Coffee is one of the most widely consumed beverages globally, with around 2.4 billion cups drank every day. To meet this high demand, massive amounts of coffee beans are harvested and processed into the instant coffee many people enjoy. Let’s take an in-depth look at how one of the biggest coffee brands, Nestlé, produces millions of jars of soluble coffee daily at its state-of-the-art factory.
Coffee’s Global Popularity and History
Coffee has been cultivated for over 1,000 years and is now farmed in more than 60 countries. The origins of Nestlé’s instant coffee brand Nescafé date back to the early 1900s when Swiss chemist Max Morgenthaler invented a process for making soluble coffee. In 1930, Nestlé obtained the rights to Morgenthaler’s patent and began manufacturing instant coffee under the Nescafé name. Through heavy marketing and advertising, Nescafé quickly became a top coffee brand worldwide.
How Coffee Is Harvested
Coffee grows on plants in the form of cherry-like berries that turn bright red when ripe. Skilled harvesters handpick only the ripe berries, leaving unripe ones to mature further. The harvested berries are collected in sacks, with each sack containing about 2 kg of beans – enough to make around 200 cups of coffee. Some larger farms use harvesting machines that vibrate to shake ripe berries off the branches. The fresher the berry, the better its flavor, so berries picked in the morning go quickly to processing.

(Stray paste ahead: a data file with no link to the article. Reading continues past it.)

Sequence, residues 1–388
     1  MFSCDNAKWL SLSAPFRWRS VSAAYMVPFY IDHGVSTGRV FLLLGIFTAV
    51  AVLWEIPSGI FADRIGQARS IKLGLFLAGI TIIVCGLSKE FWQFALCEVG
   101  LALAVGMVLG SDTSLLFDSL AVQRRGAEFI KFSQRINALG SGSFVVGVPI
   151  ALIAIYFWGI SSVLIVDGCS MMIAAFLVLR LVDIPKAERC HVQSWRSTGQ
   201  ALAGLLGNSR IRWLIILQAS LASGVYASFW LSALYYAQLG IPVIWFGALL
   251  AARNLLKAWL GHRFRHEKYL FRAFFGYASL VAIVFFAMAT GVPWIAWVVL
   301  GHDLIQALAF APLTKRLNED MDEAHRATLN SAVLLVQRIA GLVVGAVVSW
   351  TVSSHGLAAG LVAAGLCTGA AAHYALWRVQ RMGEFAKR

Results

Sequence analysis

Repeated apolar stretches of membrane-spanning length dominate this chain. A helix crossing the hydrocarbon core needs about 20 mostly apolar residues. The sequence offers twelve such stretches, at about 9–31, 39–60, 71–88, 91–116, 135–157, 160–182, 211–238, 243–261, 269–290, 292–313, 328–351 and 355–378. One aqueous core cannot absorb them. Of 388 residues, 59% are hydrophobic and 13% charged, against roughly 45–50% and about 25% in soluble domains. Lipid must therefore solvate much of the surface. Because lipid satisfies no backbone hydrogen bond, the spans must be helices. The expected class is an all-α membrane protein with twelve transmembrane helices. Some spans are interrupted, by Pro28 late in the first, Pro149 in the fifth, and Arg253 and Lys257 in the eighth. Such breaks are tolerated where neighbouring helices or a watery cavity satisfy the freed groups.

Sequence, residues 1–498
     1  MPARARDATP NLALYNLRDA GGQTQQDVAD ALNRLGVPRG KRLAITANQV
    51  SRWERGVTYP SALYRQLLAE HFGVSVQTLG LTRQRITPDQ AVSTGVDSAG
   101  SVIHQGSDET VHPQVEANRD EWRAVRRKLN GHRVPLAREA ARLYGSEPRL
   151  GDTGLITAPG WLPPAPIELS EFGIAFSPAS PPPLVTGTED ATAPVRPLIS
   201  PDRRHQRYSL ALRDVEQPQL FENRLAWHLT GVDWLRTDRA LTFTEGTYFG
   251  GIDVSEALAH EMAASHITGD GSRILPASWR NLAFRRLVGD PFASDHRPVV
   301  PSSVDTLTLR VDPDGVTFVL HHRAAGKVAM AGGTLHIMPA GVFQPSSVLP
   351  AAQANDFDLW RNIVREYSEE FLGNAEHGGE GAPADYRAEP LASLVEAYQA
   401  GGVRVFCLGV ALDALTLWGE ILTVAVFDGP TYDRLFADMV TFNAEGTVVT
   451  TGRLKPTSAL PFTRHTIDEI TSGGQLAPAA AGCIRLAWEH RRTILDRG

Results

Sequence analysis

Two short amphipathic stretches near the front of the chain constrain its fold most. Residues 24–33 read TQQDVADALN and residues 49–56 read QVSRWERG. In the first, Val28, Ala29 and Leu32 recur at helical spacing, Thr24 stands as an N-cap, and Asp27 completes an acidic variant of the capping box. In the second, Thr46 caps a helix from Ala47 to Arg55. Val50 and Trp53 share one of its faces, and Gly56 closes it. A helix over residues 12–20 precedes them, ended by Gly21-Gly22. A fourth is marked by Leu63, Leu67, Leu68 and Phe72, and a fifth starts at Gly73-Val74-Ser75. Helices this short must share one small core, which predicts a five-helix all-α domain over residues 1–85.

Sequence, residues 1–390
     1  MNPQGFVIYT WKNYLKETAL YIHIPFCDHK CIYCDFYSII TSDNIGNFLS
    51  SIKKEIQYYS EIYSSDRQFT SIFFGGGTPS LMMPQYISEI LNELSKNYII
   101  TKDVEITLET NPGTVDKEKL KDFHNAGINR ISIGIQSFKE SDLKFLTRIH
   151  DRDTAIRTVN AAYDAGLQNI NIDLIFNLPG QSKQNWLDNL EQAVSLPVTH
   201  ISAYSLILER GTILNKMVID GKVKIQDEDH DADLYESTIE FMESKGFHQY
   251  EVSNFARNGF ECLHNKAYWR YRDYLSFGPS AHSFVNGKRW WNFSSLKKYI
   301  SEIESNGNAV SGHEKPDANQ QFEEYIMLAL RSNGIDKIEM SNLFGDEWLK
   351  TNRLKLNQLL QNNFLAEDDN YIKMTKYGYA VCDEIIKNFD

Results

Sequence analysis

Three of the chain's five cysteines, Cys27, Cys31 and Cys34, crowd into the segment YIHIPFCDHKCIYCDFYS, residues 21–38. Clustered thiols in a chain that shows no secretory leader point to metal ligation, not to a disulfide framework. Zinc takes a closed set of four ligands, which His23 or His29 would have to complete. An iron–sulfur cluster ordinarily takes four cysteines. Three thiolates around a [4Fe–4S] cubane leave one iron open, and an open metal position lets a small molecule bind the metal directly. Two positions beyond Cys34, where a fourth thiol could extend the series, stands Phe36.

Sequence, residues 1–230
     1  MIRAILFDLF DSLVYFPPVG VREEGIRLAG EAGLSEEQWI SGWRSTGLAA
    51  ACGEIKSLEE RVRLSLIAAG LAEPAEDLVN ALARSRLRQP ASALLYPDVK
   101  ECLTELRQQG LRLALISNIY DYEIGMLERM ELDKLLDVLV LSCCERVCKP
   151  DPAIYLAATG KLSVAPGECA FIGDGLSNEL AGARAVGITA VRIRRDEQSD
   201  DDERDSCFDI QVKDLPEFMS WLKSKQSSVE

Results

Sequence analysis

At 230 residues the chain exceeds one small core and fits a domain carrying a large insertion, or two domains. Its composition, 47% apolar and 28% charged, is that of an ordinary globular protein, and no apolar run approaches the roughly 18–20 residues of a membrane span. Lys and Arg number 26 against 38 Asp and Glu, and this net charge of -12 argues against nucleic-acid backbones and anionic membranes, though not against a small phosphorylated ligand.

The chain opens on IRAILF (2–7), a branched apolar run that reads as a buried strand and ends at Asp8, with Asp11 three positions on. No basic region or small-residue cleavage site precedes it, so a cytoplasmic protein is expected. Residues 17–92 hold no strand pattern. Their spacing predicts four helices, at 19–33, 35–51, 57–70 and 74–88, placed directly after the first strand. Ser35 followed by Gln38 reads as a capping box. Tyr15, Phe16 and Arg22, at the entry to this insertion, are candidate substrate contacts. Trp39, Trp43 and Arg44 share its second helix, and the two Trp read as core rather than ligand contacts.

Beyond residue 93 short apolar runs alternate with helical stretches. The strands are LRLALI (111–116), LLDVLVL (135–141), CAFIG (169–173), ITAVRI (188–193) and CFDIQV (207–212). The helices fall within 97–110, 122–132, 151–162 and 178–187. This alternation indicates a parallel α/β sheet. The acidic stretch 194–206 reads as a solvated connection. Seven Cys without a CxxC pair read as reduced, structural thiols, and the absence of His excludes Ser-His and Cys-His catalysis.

Processing the Beans
At processing mills, the berries are washed and the outer skin and fruit removed. The beans are squeezed out and sieved to separate them from unripe beans. The beans are soaked in water to extract sugary mucilage and then dried outdoors over four days. Next, a machine removes the dry outer husk from the dried beans. The husk-less beans are sorted by weight and packed into 69 kg bags to be shipped to coffee factories.
Producing Soluble Coffee
At Nestlé’s instant coffee factory, up to 560 tons of coffee beans are stored in a giant silo. Every day, 1,200 bags of beans enter the plant. Samples from each bag are tested before being approved for processing. The beans are cleaned, roasted at 210°C for 12 minutes to develop flavor, and ground into a coarse powder. The coffee powder is mixed with hot water to extract the flavors and aromas. The coffee extract is frozen at -50°C, turned into granules, and dried by sublimation in a vacuum chamber to remove all moisture.
Filling and Packaging
The dried coffee granules are filled into glass jars – 280 jars per minute! The jars are vacuum sealed to preserve freshness for 24 months, labeled, and packaged. From the factory, millions of jars make their way to supermarket shelves each day.
The journey from coffee berry to instant coffee jar involves meticulous harvesting, processing, and production methods. Nestlé has perfected the process to deliver quality soluble coffee globally. The scale of operations is immense, with 175,000 jars rolling off the production line daily. Next time you enjoy a cup of instant coffee, think of the fascinating process behind its creation!